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September 22, 2015

The Destructors

the destructors poster.jpg

Robert Parrish - 1974
KL Studio Classic BD Region A

For those who saw this film outside of North America, the title was The Marseilles Contract. I wish I knew why the suits at American International Pictures thought calling this The Destructors was a good idea because it doesn't evoke anything, or at least anything pertinent to what's goes on here. On the other hand, maybe someone thought The Marseilles Contract seemed too much like The French Connection, which was pretty much the point. And while Robert Parrish's final film is no French Connection or, alas, a French Connection II, there are some moments worth checking out.

The story involves gangsters, cops and drugs, but also cars. And while there is nothing here that compares to William Friedkin's wild car chase in The French Connection, one of the best moments here is a race choreographed by Remy Julienne. What begins with Michael Caine and Maureen Kerwin trying to outpace each other becomes, at certain hairpin turns, a duet with the cars turning simultaneously, as they maneuver the narrow French roads. Eventually Caine and Kerwin get together in the flesh, but their roadside manners make for the film's most erotic scene.

Copper Anthony Quinn hires old pal Michael Caine to put a hit on drug kingpin James Mason. For the top lined stars, this was probably done for the paycheck. Better are a couple of French actors, two fairly familiar names, Maurice Ronet as a French cop working with Quinn, and best of all Marcel Bozzuffi, from The French Connection, as Mason's right hand man. Everybody gathers in Marseilles, where there's a big drug shipment due, with Quinn hoping to bust Mason.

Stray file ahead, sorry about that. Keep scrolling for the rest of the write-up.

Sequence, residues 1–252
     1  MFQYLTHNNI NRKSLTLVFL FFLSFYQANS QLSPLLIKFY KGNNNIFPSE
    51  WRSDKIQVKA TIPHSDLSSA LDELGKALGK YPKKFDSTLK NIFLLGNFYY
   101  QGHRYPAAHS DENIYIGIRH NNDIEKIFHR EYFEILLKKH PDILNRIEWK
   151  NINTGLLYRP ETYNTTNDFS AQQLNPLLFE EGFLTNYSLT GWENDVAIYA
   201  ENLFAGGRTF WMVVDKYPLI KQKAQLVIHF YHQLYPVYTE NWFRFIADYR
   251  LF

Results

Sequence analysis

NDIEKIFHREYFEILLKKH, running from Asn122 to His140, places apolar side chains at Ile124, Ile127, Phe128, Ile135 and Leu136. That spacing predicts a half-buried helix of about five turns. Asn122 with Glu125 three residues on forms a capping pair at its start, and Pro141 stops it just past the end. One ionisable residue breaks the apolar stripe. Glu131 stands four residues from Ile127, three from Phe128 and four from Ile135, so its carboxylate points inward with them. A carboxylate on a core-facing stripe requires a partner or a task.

Quinn and Mason share the screen near the end, briefly. Before moving to the director's chair, Robert Parrish was an Oscar winning editor. I don't know how much of that scene with Quinn and Mason was personally cut by Parrish, but the timing and coordination of the shots is superb. Without giving too much away, the scene takes place at a dance for French society hosted by Mason. There is motion in each of the shots making it crucial regarding where the two actors are in relation to each other within the crowded floor. The effect is as everything else was building up to this one climatic scene.

Almost as good is the scene with most of the principle actors shooting at each other. Again, there is the sense of space, of placement of the actors, and meticulous timing of each shot, both film and bullets. It is quite possible that the shaky cam chaos of more recent films makes a scene like this look better than it is for someone who prefers old style craftsmanship, but this is another moment that redeems the leisurely paced set up.

The Destructors was one of the few films written by producer Judd Bernard. Notable is that Bernard was the producer of two classics, Point Blank and personal favorite, Deep End. Also of note is a card game that Quinn walks in on, with a who's who of Paris based expatriates including Variety contributor Gene Moskowitz, author James Jones, and JFK press secretary Pierre Salinger.

marseille contract poster.jpg

Posted by peter at September 22, 2015 05:42 PM